Yesterday I attended the Guardian Mobile Business Summit in London. As usual the Guardian events team were able to attract some excellent speakers including Ed Vaizey, the culture and communications minister, and Olaf Swantee, CEO of EverythingEverywhere. I've picked out a few highlights which caught my attention.
One recurrent theme during the day was around the need for next generation wireless spectrum - the 4G auction. Both Ed Vaizey and Olaf Swantee talked about their commitment to the auction and the subsequent delivery of 4G service, which is of course good to hear. Ed made a plea to the operators to put their differences aside and support the Ofcom auction process and Olaf stated that the UK is at risk of being left behind in the move to 4G. Olaf also made the point that the 200-300,000 not-spots in the UK could probably be fixed with 4G. However with the auction not scheduled until the latter part of next year and the inevitable time lapse before the mobile operators start to deliver service, the increasing use of mobile data means the UK faces a real risk of 3G capacity running out before 4G arrives. Only time will tell.
Warren East, CEO of ARM, discussed the next set of challenges for mobile devices; energy efficiency, security, higher bandwidth and seamless cloud experience. Energy efficiency is a massive challenge as improvements get eaten up by more demand. The ambition is to be as efficient at storing energy as nature! Cloud computing will help energy efficiency by moving processing & storage off the mobile device.
Rob Grimshaw, MD at FT.com, outlined the FT's digital strategy and showed how successful the FT has been online, especially since the move from iOS app to HTML5. Having a unique position in the news market, as well as a top brand, must help the FT considerably with their strategy. He explained how the shift to mobile is happening faster than from print to digital and mobile users will overtake desktop users by 2014. 90% of FT users are already accessing the Internet on a mobile device and 45% of users are consuming the FT on a mobile device. The FT.com HTML5 web app now delivers more traffic than their iTunes app did. And why would the FT give 30% of revenue to iTunes when they can do subscriptions themselves?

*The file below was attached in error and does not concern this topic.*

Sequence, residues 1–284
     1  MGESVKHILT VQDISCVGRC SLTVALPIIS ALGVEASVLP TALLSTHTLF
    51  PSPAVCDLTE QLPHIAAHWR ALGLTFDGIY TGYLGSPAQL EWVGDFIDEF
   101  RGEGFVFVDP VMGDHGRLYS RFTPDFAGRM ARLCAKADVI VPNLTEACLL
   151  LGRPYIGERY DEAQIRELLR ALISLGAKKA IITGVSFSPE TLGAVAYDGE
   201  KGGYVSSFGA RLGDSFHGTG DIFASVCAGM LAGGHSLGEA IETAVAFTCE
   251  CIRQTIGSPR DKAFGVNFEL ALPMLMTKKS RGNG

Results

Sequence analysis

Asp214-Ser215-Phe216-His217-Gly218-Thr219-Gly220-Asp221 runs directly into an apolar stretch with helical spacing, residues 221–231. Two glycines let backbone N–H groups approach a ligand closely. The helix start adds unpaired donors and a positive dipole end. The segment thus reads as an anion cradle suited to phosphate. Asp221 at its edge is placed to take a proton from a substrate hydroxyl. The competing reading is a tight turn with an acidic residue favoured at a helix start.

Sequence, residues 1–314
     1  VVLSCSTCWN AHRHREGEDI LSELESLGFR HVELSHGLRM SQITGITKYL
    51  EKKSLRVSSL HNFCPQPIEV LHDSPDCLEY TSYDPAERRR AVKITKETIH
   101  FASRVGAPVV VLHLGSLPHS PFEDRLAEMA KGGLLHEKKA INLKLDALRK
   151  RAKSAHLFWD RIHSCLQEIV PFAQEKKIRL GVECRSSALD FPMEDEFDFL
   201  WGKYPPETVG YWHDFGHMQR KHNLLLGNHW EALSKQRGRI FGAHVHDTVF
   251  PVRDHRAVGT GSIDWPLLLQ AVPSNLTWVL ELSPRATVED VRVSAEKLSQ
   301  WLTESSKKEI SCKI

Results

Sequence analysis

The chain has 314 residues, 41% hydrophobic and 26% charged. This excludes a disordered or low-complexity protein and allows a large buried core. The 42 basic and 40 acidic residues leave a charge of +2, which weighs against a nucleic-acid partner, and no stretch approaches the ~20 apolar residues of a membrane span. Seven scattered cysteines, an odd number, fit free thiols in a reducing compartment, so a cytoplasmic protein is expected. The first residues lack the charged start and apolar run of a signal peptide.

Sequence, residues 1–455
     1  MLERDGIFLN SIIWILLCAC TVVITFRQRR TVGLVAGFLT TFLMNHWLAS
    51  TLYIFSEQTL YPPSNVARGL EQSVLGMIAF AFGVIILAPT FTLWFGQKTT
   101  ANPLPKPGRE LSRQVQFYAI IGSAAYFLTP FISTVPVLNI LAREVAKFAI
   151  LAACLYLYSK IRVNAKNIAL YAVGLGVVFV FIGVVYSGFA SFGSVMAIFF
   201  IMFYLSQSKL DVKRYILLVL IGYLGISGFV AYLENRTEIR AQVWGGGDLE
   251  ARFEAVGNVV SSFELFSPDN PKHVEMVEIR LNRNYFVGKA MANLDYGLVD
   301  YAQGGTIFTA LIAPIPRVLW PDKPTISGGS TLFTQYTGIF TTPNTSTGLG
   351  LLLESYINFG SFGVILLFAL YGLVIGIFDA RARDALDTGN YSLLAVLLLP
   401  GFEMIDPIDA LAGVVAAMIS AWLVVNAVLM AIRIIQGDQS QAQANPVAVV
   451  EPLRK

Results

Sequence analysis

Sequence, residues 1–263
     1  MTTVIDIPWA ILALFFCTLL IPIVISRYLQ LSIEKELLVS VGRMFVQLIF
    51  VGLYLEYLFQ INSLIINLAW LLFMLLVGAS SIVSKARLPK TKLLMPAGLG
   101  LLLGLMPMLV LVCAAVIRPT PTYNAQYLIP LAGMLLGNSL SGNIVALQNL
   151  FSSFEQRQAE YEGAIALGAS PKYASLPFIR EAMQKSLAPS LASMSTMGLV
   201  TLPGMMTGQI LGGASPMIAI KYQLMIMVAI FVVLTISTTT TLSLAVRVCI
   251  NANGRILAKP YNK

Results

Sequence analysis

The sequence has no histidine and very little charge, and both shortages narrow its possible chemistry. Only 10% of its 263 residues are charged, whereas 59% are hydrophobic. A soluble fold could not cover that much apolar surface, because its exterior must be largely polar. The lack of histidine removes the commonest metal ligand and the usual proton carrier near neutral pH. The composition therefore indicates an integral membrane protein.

Fabio Sergio, from Frog Design, discussed how we are awash in a sea of personal data, with so much more to come. He explained the four pillars that drive users' behaviour in relation to personal data; trust, transparency, control and value. One interesting point Fabio made is that facial recognition software will make digital anonymity a thing of the past! He also posed the question, what will be the new data cultures in the future and how will they impact trust, transparency & control?
My favourite comment of the day (from Ed Vaizey) - your mobile phone is your digital identity. This will become increasingly true, especially as we start to use our phone for more and more payments. Ed also discussed the government's view on traffic shaping, with principles around not blocking for commercial purposes, consumer transparency and must not be detrimental to investment. His view on regulation is that it must not get in the way of mobile business and be technology and service neutral.
Rich Holdsworth, CEO of Wapple, put forward a robust case for HTML5 web apps instead of iOS apps. He made the point that the mobile web gives developers more control and reaches every device, with no app store between the developer and the consumer. Not sure I altogether agree with his view that apps are going the way of CD-ROMs!
One other point; top marks to the Guardian events team for picking a venue, not just with free WiFi but WiFi that actually works and doesn't require navigating landing pages and logins.
With special thanks to Emily Dickson in the team for inviting me.
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